The Fortresses are the most notable new element of the game, especially considering how it implements the Nemesis System. It’s a cool thing, really; it’s introduced in Act II, so you’ve got a bunch of time to just play before you encounter your first Fortress Assault. You build up your assault force by recruiting Captains as Assault Leaders and purchasing siege upgrades, which you then use to absolutely lay waste to—or attempt to lay waste to—the enemy fortress and capture it for yourself. You then have to defend it. It’s a very time-intensive system that seems more complicated than it should be, but it’s worth it at the start. As you approach the end of the game, though, you’re basically forced to spend the majority of your time shoring up your defenses and beefing up your assault forces rather than actually playing. It becomes tedious and overused, and you’re likely to be fed up with this otherwise engaging mechanic before the game decides you’re finished.
And finally, finally, we come to customization. If you take the customization levels of Shadow of Mordor and multiply it by itself a few times, we arrive at the customization level of Shadow of War. The skill tree is surprisingly flexible with its skills and sub-skills (and one of those skills lets you summon a caragor mount!). There are varying tiers of gear that you can equip, ranging from Common all the way up to Legendary (which also include the potential for sets that provide extra benefits). You can also equip and upgrade gems à la Diablo. The system is pretty intuitive; you don’t have to sift through a billion stats in order to figure out which weapon is better, or which gem is better suited to which piece of gear. It’s fairly easy to feel your way through the system until you learn it, and it’s definitely worth it to customize; you’ll see the difference when you’re tearing through Captains like butter.
All that loot, of course, has to come from somewhere—mainly drops from Captain battles and Treasure orcs—but it is with an exceedingly heavy heart that I announce the fact that Shadow of War has loot boxes. I suppose that in the Year of Our Microtransaction 2017 it was to be expected, but putting this inherently flawed system in the game was questionable at best. You can get all the game’s content without paying, technically, but it’s so time-consuming that it seems like Monolith wanted its players to pay to skip ahead. The game was supposedly designed without loot boxes as a primary factor, but that seems highly unlikely. With the amount of Mirian you amass as you play, there are only a few places to spend it—fortress upgrades, to name one—but there’s so much excess currency after those upgrades that the game practically begs you to buy some loot boxes. This alone is controversial but ultimately tolerable, since Mirian isn’t hard to come by, but the loot you get from those boxes is barely worth it past a certain point in the game.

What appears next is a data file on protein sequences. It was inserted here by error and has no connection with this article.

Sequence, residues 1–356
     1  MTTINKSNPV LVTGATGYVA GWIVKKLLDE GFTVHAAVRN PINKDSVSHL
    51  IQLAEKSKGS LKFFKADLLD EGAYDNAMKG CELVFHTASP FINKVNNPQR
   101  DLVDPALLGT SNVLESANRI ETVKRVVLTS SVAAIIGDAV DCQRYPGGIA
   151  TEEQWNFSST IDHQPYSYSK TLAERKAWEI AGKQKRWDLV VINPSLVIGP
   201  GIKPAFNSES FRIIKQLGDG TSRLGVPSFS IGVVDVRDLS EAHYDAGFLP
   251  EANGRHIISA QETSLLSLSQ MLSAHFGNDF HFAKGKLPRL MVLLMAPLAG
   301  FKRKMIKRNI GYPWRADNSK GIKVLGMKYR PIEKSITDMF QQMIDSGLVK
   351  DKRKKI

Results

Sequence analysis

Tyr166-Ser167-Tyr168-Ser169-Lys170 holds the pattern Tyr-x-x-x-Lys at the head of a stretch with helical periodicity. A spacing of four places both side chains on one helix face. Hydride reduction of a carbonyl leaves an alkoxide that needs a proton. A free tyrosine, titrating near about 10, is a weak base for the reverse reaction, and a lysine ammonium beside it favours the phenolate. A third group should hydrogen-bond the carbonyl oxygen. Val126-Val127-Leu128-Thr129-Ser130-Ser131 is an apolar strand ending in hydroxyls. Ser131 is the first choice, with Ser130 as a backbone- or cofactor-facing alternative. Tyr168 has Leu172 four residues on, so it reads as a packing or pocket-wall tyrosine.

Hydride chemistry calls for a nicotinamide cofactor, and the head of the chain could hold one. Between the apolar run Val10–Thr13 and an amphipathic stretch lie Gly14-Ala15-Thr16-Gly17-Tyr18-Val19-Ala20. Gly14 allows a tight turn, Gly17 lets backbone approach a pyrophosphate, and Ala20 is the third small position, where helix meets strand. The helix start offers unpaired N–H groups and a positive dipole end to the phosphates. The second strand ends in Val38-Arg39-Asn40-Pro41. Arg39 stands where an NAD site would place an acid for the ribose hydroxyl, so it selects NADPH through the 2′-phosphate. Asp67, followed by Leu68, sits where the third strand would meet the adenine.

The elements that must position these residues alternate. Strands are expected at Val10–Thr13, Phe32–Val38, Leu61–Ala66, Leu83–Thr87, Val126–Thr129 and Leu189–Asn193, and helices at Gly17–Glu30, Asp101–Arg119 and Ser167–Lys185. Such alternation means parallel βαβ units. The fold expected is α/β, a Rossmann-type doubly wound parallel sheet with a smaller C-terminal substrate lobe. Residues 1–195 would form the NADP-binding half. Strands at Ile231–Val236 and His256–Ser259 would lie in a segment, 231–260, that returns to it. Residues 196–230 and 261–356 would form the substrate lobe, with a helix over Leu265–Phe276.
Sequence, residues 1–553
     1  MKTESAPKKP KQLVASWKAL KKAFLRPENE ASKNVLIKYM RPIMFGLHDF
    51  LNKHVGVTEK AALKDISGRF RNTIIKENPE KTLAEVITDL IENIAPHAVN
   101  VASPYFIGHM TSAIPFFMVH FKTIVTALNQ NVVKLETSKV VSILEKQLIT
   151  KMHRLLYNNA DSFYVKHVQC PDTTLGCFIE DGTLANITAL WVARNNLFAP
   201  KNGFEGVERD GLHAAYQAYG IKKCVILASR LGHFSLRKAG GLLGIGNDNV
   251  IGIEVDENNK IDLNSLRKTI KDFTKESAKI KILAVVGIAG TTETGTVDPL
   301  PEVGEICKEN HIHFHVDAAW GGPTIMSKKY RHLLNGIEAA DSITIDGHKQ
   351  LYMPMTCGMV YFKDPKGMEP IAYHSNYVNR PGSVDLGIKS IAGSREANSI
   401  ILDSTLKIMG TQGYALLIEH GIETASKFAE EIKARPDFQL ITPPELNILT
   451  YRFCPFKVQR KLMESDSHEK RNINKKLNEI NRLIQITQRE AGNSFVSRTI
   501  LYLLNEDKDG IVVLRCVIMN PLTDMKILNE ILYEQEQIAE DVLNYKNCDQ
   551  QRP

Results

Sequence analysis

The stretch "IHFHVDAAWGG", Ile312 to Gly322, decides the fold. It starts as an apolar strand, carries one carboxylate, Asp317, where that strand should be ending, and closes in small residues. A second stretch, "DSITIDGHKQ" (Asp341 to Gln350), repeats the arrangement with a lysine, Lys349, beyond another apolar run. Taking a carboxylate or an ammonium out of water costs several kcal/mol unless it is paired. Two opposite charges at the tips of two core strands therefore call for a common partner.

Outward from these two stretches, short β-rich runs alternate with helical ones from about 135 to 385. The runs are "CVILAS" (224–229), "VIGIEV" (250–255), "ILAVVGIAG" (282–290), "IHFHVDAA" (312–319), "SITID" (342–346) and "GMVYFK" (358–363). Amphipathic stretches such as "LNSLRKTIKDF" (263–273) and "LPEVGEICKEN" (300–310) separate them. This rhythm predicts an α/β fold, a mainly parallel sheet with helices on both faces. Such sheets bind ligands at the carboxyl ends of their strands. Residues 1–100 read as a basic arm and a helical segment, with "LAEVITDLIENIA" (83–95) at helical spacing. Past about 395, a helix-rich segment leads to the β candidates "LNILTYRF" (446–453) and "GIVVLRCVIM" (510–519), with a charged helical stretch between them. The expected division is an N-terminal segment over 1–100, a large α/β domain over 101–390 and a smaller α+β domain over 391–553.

Problem is, you need to buy higher-tier loot boxes with Gold, which you can only get significant amounts of by shelling out some real-world cash. It was a real disappointment to see this in the game, knowing that the developers want to dredge more money out of people who already bought the game—and especially knowing that they were willing to force it along by making the game incredibly arduous for those who want to avoid loot boxes altogether. However, it wasn’t surprising, which makes the disappointment even more potent. My opinion? Avoid the microtransactions. It’s just a drain on your wallet for something that you can do by yourself, even if it takes longer. After all, you don’t buy games with the intention of spending as little time playing them as possible.
* The product in this article was sent to us by the developer/company.
I've been involved with games since I was a little kid, when I would watch my father play World of Warcraft for hours—and later, of course, mooch off of his account. I have a cobblestone background of creative writing, newspaper journalism, and multi-platform gaming, and I intend to add more stones to that mix as I get them. Excluding sports, I'm a fairly versatile player and will play whatever I can find, though I have a soft spot for lore-intensive games and fantasy. I'm currently collaborating on writing college course materials about the interplay between history and video games.View Profile